To illustrate the capability of NWChemEx for chemical reactions, the project will examine a number of elementary chemical transformations that have been postulated for the conversion of propanol to propene in the H-ZSM-5 zeolite (basic unit cell: Si96O192). The team will run calculations using computer simulations to predict the binding energy of water and propanol and their reactions in the zeolite cavity to help identify appropriate biofuels.
“By running the millions of simulations on Aurora, and then identifying a smaller subset of possible chemical solutions, the task of conducting physical experiments will be facilitated and therefore speed the discovery of real solutions,” states Windus.
Intel solutions used in developing NWChemEx
NWChemEx uses Data Parallel C++ (DPC++) as one of its programming models. DPC++ is a cross-architecture programming language, based on C++ and SYCL and part of oneAPI – an industry initiative to unify and simplify application development across diverse computing architectures. To facilitate porting of any existing CUDA code, Intel’s DPC++ Compatibility Tool helps migrate that code to create new DPC++ code. Further performance analysis and tuning uses Intel VTune Profiler and Intel Advisor. The compilers (C, C++, Fortran), Intel oneAPI Math Kernel Library (oneMKL) and Intel oneAPI DPC++ Library (oneDPL) – all part of Intel’s oneAPI Base Toolkit, are also employed.
Future benefits of NWChemEx and exascale supercomputers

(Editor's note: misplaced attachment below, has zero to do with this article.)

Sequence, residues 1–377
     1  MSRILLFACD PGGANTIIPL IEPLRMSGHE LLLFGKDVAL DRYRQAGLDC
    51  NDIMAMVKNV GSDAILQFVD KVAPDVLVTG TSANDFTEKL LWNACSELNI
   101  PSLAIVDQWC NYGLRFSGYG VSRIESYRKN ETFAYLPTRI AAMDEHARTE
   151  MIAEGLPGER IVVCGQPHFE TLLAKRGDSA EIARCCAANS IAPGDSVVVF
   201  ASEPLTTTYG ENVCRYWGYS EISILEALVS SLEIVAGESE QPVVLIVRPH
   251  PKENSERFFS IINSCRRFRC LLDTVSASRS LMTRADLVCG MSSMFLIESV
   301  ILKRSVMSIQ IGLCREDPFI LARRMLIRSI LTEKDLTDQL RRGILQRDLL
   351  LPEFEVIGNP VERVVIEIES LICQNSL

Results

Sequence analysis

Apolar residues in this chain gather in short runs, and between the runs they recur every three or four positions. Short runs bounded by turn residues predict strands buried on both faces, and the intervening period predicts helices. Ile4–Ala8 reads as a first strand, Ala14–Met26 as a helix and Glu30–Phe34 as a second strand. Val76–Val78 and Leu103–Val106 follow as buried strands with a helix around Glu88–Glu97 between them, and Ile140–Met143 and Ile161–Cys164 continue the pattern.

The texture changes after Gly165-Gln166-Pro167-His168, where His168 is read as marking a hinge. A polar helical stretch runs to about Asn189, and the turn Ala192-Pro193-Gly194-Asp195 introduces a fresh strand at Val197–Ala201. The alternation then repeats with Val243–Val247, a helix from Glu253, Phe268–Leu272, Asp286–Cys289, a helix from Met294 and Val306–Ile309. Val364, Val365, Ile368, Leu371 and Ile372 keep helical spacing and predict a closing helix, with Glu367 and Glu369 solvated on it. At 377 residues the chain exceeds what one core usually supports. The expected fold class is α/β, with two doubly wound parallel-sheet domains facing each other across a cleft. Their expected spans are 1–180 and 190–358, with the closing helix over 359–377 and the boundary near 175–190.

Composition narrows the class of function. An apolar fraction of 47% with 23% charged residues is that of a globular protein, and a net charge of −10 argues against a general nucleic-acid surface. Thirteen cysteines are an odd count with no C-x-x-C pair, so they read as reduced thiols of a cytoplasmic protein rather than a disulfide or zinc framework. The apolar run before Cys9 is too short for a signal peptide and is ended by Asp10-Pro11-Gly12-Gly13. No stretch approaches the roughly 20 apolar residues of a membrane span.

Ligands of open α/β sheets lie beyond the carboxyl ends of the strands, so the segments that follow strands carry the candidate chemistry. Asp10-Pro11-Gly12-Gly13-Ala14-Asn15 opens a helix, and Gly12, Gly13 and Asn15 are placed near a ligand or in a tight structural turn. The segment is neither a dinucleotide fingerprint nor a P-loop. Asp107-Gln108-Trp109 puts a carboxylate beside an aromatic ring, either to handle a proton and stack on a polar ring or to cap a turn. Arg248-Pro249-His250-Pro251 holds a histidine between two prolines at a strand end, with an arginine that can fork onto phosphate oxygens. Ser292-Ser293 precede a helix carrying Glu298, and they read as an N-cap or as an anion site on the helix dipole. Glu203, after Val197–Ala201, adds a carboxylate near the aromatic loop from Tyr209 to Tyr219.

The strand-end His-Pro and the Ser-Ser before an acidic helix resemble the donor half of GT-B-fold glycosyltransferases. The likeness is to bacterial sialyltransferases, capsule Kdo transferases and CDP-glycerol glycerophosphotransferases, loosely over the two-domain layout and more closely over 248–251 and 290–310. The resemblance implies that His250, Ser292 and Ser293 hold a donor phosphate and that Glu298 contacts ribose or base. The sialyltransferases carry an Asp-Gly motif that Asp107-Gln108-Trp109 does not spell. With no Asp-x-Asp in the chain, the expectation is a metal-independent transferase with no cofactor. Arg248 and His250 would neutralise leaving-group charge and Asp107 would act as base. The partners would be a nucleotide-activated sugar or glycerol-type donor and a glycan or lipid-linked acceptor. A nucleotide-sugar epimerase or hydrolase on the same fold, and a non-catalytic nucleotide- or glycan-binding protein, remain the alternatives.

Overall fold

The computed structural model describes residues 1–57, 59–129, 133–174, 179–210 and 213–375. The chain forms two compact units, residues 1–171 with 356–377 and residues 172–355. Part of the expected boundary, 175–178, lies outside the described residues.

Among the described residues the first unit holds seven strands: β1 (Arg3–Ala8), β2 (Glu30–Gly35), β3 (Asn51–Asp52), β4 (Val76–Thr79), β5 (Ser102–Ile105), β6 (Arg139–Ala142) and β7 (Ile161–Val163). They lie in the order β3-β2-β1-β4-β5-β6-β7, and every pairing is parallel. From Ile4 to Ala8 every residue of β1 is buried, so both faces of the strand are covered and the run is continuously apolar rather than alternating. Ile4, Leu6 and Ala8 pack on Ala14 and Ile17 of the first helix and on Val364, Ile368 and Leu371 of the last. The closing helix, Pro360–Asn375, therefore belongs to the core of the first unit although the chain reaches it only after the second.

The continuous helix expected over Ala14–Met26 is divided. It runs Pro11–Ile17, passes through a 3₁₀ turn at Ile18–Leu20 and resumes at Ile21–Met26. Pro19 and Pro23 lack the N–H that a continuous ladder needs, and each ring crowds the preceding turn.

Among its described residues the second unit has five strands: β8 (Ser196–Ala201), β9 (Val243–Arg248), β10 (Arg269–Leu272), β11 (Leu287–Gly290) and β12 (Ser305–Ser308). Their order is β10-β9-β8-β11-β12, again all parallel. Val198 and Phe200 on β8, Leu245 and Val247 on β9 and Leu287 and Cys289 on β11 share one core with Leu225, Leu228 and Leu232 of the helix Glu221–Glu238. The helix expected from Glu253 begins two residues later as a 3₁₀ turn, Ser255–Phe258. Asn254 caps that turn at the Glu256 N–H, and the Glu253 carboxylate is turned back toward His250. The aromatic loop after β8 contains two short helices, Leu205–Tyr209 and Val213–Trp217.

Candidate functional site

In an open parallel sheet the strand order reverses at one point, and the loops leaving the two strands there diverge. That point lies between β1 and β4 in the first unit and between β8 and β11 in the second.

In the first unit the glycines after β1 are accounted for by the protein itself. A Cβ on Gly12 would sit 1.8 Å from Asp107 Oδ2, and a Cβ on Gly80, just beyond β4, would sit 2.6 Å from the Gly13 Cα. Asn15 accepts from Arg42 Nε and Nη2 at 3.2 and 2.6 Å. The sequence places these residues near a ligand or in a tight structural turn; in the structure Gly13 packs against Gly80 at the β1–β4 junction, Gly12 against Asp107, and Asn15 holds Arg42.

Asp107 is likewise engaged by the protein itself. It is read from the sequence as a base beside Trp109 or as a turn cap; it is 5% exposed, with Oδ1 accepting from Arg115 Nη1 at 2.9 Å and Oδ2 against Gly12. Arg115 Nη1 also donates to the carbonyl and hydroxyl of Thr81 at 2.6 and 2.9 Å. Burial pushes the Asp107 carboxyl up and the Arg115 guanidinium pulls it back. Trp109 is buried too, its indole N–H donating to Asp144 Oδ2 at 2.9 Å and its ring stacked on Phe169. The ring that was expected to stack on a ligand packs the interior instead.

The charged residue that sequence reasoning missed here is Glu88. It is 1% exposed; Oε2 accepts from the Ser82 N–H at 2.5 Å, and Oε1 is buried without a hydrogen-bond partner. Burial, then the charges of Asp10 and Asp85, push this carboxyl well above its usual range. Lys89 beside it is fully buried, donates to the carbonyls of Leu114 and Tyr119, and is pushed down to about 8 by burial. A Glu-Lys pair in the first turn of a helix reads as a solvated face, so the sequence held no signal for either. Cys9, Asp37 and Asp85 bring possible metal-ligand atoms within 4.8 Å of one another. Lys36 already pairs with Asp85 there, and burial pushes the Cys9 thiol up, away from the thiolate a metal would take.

The impact of the team’s biofuel research and rewriting NWChemEx software will have benefits outside the Argonne ESP project. “Chemistry simulations need to be able to model more complex, realistic systems. With current hardware and software, we can only simulate simplistic systems by removing impurities, getting rid of defects, and simplifying the solvent environments. In the future, researchers must be able to do real-life simulations that bring in all the complexities of the chemical system to have confidence the research results show the real-life issues, and the research findings will have comparable results to experimental conditions,” states Windus.
“Quantum chemistry research methods have become ubiquitous in hard science and engineering and are used in a variety of fields. What makes molecular dynamics and quantum chemistry tools such as NWChemEx so valuable is that they provide predictive results that are accurate when compared with many other research algorithms. Tools such as NWChemEx and access to hardware such as the future Argonne Aurora supercomputer will be critical to finding future solutions,” states Eric Bylaska, chemist at Pacific Northwest National Laboratory.
NWChemEx research was supported by the Exascale Computing Project, a collaborative effort of the U.S. Department of Energy Office of Science and the National Nuclear Security Administration.
Linda Barney is the founder and owner of Barney and Associates, a technical/marketing writing, training, and web design firm in Beaverton, Oregon.